Newfoundland, PEI, Nova Scotia, New Brunswick, Manitoba, and Saskatchewan would lose seats. However, these provinces would gain status as being provinces equal to all others in terms of regional representation within the House of Commons. For example, MPs from PEI who may oppose a bill would have the same amount of authority as MPs from Ontario who may support a bill when determining regional approval. The same holds true for all other provinces and territories including Newfoundland, Nova Scotia, New Brunswick, Manitoba, and Saskatchewan.
4. How about First Nations representation?
This proposal is flexible to include First Nations peoples as both a regional territory and national community. Seats for First Nations could be apportioned from existing provincial/territorial populations and combined to form a multi-seat unit. Representation could either include or exclude the people who do not live on reserves/First Nations territories. That could be up for discussion. Note: First Nations peoples would not get a double vote but have one vote in choosing either Aboriginal or provincial/territorial MPs. The same holds true for selecting Senators.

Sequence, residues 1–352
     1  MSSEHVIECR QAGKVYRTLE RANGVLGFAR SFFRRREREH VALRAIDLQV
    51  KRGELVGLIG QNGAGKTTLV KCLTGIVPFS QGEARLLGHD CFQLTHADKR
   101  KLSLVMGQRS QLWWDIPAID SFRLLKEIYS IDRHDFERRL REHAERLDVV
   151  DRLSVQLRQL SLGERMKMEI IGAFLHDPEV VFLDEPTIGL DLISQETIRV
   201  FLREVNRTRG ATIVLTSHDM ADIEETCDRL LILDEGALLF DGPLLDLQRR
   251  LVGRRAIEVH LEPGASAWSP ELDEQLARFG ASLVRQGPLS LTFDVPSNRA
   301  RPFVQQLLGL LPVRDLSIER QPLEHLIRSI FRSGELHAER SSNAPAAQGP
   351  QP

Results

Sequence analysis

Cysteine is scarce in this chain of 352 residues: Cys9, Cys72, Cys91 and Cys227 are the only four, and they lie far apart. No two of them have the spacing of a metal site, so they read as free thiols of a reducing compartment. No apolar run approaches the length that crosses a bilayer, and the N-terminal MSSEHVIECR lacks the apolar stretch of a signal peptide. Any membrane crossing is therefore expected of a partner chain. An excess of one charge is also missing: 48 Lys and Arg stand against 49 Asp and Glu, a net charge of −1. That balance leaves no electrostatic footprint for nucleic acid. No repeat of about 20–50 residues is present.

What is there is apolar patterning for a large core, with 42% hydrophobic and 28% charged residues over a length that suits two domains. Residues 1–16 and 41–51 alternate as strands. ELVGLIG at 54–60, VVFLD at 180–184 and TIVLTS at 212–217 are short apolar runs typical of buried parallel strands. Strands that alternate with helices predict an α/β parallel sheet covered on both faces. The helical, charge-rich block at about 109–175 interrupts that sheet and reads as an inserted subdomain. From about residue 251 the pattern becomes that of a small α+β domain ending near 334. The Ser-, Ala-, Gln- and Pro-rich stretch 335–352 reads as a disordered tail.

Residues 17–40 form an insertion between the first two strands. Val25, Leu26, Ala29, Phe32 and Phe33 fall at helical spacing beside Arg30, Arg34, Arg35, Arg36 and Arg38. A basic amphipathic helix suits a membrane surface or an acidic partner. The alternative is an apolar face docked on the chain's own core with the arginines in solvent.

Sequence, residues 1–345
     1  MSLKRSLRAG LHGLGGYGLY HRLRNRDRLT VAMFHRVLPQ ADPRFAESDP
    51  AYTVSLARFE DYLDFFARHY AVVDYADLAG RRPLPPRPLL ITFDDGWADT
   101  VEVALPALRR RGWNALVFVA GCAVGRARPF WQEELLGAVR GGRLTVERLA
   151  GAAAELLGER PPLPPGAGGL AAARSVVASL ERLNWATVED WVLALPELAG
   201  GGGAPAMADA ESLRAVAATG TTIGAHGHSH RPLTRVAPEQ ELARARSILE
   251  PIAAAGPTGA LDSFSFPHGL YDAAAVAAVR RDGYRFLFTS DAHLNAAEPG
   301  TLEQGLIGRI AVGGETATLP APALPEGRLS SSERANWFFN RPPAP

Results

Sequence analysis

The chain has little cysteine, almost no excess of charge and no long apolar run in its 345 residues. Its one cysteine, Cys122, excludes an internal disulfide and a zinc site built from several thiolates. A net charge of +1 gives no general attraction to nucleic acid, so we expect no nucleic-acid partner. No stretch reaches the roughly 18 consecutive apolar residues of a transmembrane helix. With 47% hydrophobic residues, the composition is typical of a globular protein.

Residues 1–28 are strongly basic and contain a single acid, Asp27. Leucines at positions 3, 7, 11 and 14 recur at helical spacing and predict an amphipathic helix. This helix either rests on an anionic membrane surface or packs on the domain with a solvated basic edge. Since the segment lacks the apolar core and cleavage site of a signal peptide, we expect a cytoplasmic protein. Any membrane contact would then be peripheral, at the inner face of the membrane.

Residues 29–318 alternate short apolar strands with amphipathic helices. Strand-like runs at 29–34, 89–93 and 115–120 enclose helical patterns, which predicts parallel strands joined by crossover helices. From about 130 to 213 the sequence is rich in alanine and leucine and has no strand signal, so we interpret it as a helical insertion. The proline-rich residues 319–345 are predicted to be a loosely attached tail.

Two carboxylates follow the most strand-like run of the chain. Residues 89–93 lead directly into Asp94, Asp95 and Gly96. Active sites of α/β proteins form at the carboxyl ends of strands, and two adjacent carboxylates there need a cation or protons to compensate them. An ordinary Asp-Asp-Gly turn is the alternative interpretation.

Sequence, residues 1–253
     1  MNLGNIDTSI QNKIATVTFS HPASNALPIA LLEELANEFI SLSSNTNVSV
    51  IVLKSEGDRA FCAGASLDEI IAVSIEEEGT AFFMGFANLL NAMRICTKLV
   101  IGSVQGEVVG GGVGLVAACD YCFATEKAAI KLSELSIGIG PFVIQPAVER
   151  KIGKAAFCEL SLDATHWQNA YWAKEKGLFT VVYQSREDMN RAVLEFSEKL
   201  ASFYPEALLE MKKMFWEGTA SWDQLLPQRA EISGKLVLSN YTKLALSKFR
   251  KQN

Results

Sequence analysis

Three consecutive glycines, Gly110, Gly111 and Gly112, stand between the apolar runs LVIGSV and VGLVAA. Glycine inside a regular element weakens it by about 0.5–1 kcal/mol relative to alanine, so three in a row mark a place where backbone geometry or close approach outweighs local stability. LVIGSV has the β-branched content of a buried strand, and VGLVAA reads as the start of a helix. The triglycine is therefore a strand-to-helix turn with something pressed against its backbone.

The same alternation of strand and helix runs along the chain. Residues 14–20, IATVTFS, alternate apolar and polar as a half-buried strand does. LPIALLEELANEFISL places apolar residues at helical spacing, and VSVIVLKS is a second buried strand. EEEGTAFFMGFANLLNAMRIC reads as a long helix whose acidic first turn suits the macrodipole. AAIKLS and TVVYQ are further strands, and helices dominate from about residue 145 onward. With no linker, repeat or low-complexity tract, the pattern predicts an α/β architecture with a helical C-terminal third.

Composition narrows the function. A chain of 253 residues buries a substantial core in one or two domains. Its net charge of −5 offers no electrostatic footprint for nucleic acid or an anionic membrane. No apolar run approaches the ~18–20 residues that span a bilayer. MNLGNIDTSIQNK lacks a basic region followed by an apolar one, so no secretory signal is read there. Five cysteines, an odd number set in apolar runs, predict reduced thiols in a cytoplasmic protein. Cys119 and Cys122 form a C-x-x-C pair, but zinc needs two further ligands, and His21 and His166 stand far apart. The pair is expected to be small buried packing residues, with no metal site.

5. What about future provinces/territories?
Again, this proposal is flexible to allow for additional provinces.
6. Is the distribution of seats in the Senate fair?
The seats are distributed based on the square root of the population of each province and territory. If all the provinces and territories have complaints about the distribution of seats, then something must be right overall.
7. How about provincial/territorial representation within the Anglophone national community in the House of Commons?
The distribution of seats among the Anglophone provinces would be based on the provincial/territorial populations in the House of Commons and based on the square root of the populations in the Senate. In the House of Commons, the Ontario members would represent about 50 percent of the Anglophone national community; the four western provinces – 39 percent; the four Atlantic provinces – ten percent; the three northern territories – just over one percent.
8. How about provincial representation within the Francophone national community in the House of Commons?
Since Quebec is the only province with a Francophone majority, it shall assume the status as a national community. If, in theory, Quebec split into two or more Francophone majority provinces, then collectively these new provinces would form the Francophone national community.
9. Could the parliamentarians from Ontario and Quebec alone pass a bill without the approval of MPs and Senators from the other provinces and territories?